Por equipe Prosperidade Consultlria
O Brasil está imerso em um debate político profundo e multifacetado cuja conclusão determinará nosso futuro por muitas décadas. As discussões incluem temas tão diversos quanto corrupção, flexibilização da legislação do trabalho, políticas de promoção social, apoio ao empreendedorismo, gigantismo e dirigismo estatista (ou, ao contrário, estado mínimo e normativo), a insana estrutura fiscal, a insuportável mentalidade cartorial, a asfixiante burocracia, o ineficiente e custoso estado brasileiro, e assim por diante. Quase sempre esses temas são discutidos de forma individualizada mas o fato é que todas estas variáveis estão umbilicalmente ligadas e precisam repensadas e replanejadas de modo holístico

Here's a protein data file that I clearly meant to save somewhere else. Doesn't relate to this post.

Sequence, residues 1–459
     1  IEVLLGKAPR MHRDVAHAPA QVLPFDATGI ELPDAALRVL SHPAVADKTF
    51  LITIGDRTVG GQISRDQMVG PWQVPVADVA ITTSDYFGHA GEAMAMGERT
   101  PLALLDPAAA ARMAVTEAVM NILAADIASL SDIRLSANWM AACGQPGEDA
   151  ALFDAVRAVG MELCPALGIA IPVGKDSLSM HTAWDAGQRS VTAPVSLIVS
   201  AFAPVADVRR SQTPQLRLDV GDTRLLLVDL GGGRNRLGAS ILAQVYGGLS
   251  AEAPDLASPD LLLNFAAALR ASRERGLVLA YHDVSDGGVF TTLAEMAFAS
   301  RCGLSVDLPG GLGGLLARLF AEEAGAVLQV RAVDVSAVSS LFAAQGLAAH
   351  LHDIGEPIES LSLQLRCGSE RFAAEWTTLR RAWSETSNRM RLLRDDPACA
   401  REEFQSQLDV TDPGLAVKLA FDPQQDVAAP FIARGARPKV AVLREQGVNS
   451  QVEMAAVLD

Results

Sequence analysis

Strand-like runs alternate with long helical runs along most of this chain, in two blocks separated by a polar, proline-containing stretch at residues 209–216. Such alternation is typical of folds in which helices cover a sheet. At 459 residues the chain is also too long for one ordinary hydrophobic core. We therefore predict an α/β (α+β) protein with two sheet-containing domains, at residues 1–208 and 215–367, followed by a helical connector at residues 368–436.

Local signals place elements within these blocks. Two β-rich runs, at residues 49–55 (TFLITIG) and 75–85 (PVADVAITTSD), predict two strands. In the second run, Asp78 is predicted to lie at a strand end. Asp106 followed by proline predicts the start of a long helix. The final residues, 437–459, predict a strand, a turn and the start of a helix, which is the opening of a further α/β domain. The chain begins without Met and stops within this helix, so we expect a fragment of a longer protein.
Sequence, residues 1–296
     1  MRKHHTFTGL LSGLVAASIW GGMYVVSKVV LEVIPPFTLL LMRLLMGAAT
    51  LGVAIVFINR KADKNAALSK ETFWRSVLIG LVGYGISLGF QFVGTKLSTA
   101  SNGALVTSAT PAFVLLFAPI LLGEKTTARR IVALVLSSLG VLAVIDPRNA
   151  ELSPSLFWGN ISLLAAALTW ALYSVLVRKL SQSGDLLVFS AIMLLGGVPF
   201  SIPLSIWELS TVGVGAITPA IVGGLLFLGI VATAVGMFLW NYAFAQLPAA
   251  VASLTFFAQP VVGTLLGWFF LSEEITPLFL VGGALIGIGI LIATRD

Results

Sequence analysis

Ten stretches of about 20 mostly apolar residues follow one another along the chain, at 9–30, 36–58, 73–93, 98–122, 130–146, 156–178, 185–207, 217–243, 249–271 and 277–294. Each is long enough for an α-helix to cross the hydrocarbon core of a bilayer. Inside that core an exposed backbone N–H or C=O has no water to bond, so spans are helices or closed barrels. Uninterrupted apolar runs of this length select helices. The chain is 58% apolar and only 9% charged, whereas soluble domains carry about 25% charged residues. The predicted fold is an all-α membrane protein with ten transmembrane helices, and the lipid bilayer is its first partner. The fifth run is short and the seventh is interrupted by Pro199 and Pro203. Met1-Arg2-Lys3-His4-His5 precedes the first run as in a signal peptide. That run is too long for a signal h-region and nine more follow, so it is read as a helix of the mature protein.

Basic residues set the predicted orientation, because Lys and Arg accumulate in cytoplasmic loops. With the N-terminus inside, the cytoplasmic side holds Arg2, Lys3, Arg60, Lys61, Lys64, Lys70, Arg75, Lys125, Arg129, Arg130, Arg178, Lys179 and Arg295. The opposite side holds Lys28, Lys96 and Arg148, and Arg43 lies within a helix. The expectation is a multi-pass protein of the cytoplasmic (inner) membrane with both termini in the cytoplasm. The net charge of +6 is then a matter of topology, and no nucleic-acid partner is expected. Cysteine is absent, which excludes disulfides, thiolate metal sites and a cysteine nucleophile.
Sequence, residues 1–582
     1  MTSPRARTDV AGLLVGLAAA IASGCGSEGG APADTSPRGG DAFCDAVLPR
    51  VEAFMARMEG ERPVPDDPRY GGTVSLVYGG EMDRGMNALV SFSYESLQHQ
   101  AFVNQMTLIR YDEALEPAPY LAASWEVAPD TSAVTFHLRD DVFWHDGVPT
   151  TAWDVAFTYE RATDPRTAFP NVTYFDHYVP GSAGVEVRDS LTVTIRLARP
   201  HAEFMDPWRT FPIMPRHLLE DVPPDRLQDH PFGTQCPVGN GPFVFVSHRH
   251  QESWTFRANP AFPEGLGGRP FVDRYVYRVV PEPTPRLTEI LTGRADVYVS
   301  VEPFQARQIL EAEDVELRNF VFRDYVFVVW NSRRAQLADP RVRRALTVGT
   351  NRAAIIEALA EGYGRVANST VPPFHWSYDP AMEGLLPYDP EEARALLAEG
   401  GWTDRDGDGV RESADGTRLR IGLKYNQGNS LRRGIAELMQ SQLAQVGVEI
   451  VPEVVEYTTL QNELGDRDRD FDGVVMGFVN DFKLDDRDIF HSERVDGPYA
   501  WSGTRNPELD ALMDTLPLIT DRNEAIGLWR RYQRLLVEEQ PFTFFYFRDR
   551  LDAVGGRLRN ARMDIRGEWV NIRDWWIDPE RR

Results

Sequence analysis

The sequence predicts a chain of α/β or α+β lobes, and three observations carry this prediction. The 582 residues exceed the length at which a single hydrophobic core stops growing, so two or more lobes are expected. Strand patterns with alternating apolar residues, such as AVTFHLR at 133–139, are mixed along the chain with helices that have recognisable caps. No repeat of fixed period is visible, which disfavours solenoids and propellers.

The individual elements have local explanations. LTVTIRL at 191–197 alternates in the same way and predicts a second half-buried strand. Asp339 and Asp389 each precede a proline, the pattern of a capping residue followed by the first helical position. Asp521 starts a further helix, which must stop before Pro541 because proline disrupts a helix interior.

Há 10 anos a Ambrosetti produz o EU-28, Índice de Competitividade relativo à 28 Nações Europeias. Os resultados da edição de 2015 fornecem lições importantíssimas para países como o Brasil que tem a oportunidade histórica de se redesenhar de cima a baixo. Os dados indicam claramente que o chamado Modelo Nórdico de gestão pública é o que trouxe melhores benefícios à população a longo prazo. No Brasil sempre se fala dos países nórdicos. Admiramos seu progresso, civilização e bem-estar social. Mas do que realmente é composto este Modelo Nórdico? Apresentamos a seguir uma síntese do modelo e porque ele vem gerando resultados tão bons. A versão completa, em inglês ou italiano, está disponível no site da empresa: www.ambrosetti.eu.